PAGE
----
A child is the greatest blessing
Surrogacy is an arrangement, often supported by a legal agreement, whereby a woman agrees to delivery/labour for another person or people, who will become the child’s parent(s) after birth. People may seek a surrogacy arrangement when pregnancy is medically impossible, when pregnancy risks are dangerous for the intended mother, or when a single man or a male couple wishes to have a child. Surrogacy is considered one of many assisted reproductive technologies.
In surrogacy arrangements, monetary compensation may or may not be involved. Receiving money for the arrangement is known as commercial surrogacy. The legality and cost of surrogacy vary widely between jurisdictions, sometimes resulting in problematic international or interstate surrogacy arrangements. Couples seeking a surrogacy arrangement in a country where it is banned sometimes travel to a jurisdiction that permits it. In some countries, surrogacy is legal only if money does not exchange hands.
Surrogacy may be either traditional or gestational, which are differentiated by the genetic origin of the egg. Gestational surrogacy tends to be more common than traditional surrogacy and is considered less legally complex.
A traditional surrogacy (also known as partial, natural, or straight surrogacy) is one where the surrogate’s egg is fertilised by the intended father’s or a donor’s sperm.
Insemination of the surrogate can be either through sex (natural insemination) or artificial insemination. Using the sperm of the donor results in a child who is not genetically related to the intended parent(s). If the intended father’s sperm is used in the insemination, the resulting child is genetically related to both the intended father and the surrogate.
In some cases, insemination may be performed privately by the parties without the intervention of a doctor or physician. In some jurisdictions, the intended parents using donor sperm need to go through an adoption process to have legal parental rights to the resulting child. Many fertility centres that provide for surrogacy assist the parties through the legal process.
Gestational surrogacy (also known as host or full surrogacy) was first achieved in April 1986. It takes place when an embryo created by in vitro fertilization (IVF) technology is implanted in a surrogate, sometimes called a gestational carrier. Gestational surrogacy has several forms, and in each form, the resulting child is genetically unrelated to the surrogate.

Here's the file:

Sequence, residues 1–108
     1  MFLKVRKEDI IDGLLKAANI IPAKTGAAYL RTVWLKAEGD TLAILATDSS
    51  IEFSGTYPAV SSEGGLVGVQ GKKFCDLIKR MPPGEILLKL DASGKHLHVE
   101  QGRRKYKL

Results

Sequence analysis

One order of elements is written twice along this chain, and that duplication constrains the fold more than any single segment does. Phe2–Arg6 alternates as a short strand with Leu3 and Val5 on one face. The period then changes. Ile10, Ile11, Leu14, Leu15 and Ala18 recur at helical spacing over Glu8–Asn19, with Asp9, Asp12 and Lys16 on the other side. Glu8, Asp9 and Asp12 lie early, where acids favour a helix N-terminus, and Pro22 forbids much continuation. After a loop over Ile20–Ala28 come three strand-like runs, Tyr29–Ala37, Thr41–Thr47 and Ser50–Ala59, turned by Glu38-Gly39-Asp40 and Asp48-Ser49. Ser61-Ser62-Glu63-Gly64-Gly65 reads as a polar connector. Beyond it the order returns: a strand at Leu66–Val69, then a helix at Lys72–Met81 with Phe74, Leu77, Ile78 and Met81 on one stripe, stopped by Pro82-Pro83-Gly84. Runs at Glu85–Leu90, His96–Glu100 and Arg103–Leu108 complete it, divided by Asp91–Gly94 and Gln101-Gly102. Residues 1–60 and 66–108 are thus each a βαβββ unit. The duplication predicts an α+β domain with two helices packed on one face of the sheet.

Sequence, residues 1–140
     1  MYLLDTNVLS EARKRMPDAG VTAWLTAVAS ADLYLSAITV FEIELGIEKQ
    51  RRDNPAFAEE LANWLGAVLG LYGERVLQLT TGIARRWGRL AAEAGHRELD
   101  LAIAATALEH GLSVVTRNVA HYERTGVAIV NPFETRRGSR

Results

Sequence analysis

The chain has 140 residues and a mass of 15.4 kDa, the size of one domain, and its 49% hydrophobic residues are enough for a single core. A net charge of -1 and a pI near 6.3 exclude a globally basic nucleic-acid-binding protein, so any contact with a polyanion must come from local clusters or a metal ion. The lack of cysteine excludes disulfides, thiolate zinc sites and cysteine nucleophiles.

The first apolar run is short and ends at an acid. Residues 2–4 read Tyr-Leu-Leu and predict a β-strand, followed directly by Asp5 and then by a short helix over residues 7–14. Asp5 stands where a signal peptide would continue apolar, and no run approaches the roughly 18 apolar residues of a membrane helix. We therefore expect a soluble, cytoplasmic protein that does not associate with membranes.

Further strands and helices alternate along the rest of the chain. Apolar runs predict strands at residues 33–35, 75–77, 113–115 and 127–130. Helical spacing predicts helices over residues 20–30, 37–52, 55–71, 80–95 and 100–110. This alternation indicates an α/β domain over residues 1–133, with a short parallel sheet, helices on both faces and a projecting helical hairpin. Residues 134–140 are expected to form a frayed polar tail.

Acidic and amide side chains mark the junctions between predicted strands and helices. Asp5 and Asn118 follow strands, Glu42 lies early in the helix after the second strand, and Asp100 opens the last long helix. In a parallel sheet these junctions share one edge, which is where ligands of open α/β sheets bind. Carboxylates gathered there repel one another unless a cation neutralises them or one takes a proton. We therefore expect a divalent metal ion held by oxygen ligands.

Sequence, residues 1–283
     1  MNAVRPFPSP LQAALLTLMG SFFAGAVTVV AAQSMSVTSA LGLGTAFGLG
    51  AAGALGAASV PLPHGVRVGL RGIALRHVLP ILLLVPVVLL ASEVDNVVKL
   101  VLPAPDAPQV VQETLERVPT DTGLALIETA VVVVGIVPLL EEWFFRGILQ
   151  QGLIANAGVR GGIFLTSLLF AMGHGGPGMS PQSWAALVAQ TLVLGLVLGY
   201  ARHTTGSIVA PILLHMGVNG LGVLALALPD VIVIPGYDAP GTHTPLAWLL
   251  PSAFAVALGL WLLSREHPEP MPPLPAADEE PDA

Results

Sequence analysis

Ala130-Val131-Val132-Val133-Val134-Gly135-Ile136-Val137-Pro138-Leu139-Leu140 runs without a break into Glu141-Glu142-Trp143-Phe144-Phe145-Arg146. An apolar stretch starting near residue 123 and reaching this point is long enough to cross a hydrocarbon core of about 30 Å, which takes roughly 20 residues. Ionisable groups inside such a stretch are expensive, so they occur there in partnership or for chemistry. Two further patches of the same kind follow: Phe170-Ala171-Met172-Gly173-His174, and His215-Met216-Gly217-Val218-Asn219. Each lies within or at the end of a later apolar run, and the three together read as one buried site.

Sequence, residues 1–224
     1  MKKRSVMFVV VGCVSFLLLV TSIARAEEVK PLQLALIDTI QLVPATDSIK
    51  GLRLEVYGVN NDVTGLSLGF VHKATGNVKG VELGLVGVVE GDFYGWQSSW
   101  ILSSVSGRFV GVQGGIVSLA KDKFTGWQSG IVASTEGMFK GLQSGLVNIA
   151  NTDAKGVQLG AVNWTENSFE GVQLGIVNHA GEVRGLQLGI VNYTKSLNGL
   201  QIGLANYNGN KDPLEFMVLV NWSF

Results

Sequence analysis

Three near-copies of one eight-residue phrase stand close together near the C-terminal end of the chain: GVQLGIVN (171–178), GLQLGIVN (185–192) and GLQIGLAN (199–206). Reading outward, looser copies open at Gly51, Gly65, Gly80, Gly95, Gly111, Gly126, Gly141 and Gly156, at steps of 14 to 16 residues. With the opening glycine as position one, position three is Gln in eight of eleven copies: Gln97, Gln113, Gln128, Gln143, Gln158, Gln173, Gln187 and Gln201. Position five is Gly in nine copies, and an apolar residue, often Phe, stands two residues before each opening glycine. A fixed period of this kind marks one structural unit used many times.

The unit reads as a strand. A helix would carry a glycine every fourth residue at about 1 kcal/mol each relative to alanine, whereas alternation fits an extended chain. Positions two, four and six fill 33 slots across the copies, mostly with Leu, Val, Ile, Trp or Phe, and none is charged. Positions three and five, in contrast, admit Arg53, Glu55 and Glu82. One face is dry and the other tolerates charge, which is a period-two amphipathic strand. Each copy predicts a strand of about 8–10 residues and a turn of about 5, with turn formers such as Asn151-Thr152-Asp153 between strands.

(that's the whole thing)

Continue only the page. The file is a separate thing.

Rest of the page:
The embryo implanted in gestational surrogacy faces the same risks as anyone using IVF would. Preimplantation risks of the embryo include unintentional epigenetic effects, influence of media which the embryo is cultured on, and undesirable consequences of invasive manipulation of the embryo. Often, multiple embryos are transferred to increase the chance of implantation, and if multiple gestations occur, both the surrogate and the embryos face higher risks of complications.
Gestational surrogates have a smaller chance of having hypertensive disorder during pregnancy compared to mothers pregnant by oocyte donation. This is possibly because gestational carriers tend to be healthier and more fertile than women who use oocyte donation. Gestational carriers also have low rates of placenta previa / placental abruptions (1.1-7.9%).
Children born through singleton IVF surrogacy have been shown to have no physical or mental abnormalities compared to those children born through natural conception. However, children born through multiple gestation in gestational carriers often result in preterm labor and delivery, resulting in prematurity and physical and/or mental anomalies.
1. If you have blocked or damaged fallopian tubes
2. If your partner has male infertility issues like Oligozoospermia, Teratozoospermia or Athenozoospermia.
3. If you have premature ovarian failure
4. If you have been trying to conceive for at least two years and a cause hasn’t been found to explain why you have not become pregnant.
2. Women with unexplained fertility
3. Women with severe endometriosis
4. Couples with male factor infertility
1. Stimulation- After your baseline scans, injections will stimulate your ovaries to develop multiple eggs
2. Monitoring- Regular scans and blood test allow us to monitor your ovanan response to the drug
3. Trigger injections- When hormones are at the right levels another injection will trigger the eggs to mature
4. Egg collection and sperm collection- Eggs are collected via a needle passed through the vagina whilst you are under sedation. A semen sample is required on the day of egg collection
5. Fertilization and embryo development- Eggs and sperm are placed P an incubator to fertilize. Embryo development is monitored by CRGH embryologist
6. Embryo transfer- The best ennbryo(s) 6 /are transferred back into the uterus. Any suitable embryo not transferred can be frozen for Later use
7. Pregnancy test- Patient takes a pregnancy test 16 days after embryo transfer. At this stage we will arrange appropriate support.